It used to be that I would wheel the skeleton into the room and we would then flesh it out together. Now we do everything together from the ground up, and we’ve been known to pour over tracks for a long time – perfect 3 or 4 seconds of the music just to get it right. I guess we’ve grown to empower each other across all aspects of writing. For example, Cam writes poetry and I wanted him to feel comfortable enough to express that in our music not just a note pad, and that’s what happened. Some of our best tracks are where me and him jotted our thoughts in this little notebook and turned them into songs. I’ve got both dyslexia and very slight autism which can be a very lonely existence, but together as a band we’ve enabled me to not feel so isolated in terms of writing.

What band/artists have influenced you the most since you started this project, and why?
We all have varied and differing musical preferences but we all connect with each other around different things; Afro beat, West Coast psych music and some of the more timeless seventies records we take a lot of inspiration from. The free flowing and fluid nature of a track is something we adore as a band. I can’t really state any specific artists as we try not to emulate something or someone, we rather mould our own take on things, listening to records together and being inspired by how the composition is or how the lyrics trip off each word.

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When the world is back to normal where would you like to tour, and why?
We have a UK tour planned/being postponed and we are lucky enough to be on the ball to keep things moving in that respect but we would love to get back to the EU again. I think I can speak for all listeners, fans and musicians out there that we would all be thankful just to grace a stage again. It doesn’t matter where it is as long as everyone is having a good time.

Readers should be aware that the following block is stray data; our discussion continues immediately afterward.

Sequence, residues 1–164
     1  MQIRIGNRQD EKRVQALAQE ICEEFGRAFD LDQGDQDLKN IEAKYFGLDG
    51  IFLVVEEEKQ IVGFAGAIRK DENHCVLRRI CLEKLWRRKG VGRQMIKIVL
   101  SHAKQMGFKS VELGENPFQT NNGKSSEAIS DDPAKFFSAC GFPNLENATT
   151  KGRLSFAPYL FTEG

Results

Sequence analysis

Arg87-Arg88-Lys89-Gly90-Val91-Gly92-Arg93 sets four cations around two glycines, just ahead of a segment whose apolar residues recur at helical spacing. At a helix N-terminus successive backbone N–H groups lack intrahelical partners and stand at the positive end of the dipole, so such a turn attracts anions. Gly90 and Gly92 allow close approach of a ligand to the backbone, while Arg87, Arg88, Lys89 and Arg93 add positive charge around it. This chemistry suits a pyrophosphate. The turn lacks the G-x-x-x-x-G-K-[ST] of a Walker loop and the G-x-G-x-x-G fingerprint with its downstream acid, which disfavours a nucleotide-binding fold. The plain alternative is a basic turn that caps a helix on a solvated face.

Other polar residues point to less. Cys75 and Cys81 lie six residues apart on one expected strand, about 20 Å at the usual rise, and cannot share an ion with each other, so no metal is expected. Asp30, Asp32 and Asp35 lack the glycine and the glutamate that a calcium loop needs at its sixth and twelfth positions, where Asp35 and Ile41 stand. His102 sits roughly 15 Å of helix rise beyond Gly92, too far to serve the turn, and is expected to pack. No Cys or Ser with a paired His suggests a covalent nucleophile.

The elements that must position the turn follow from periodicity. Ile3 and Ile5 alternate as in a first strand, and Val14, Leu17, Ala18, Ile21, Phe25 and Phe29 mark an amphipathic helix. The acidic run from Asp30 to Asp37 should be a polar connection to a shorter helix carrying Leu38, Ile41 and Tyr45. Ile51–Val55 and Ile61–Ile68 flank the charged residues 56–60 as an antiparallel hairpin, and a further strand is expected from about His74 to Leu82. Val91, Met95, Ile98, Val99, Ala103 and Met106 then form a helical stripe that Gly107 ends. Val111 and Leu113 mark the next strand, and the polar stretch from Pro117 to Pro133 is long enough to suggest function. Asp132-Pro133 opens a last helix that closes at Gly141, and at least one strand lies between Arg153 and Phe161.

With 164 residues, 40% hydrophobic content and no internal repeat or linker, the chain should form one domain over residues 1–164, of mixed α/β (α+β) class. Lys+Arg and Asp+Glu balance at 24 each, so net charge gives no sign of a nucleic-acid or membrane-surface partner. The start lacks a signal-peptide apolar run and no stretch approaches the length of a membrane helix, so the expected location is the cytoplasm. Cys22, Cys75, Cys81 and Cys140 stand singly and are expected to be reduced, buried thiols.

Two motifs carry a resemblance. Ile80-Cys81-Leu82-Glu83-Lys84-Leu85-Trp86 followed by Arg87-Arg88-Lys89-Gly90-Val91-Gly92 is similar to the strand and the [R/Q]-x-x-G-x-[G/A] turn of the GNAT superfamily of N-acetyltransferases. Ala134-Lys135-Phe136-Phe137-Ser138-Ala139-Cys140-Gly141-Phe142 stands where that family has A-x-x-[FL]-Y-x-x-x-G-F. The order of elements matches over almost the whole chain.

If you could pick one track for our readers to listen to in order to get a taste of your music, what would you pick, and why?
‘County Lines’ – it was a B-Side to ‘Badlands’ and like our other B-Sides recorded in one take and is more expressive of who we are. We can all write a three-minute rock track, but there’s something intimate about putting a song to record that is more open and stripped back.

What ambitions do you have for the band/your career?
To be lucky enough to have just that, a career that means something to somebody. We are lucky enough to have that opportunity and of course we all have a list of venues and cities we would love to perform in. So I guess, to answer your question, is just to keep going after all this pandemic confusion is over, at the risk of repeating myself, just to perform again.

Finally, as you leave the stage, what are your parting words?
“F*** me I’m unfit.”

The Howlers release ‘Badlands’ in April and play Oporto, Leeds on 6th April
For more info visit facebook.com/thehowlersuk
images: Rob Blackham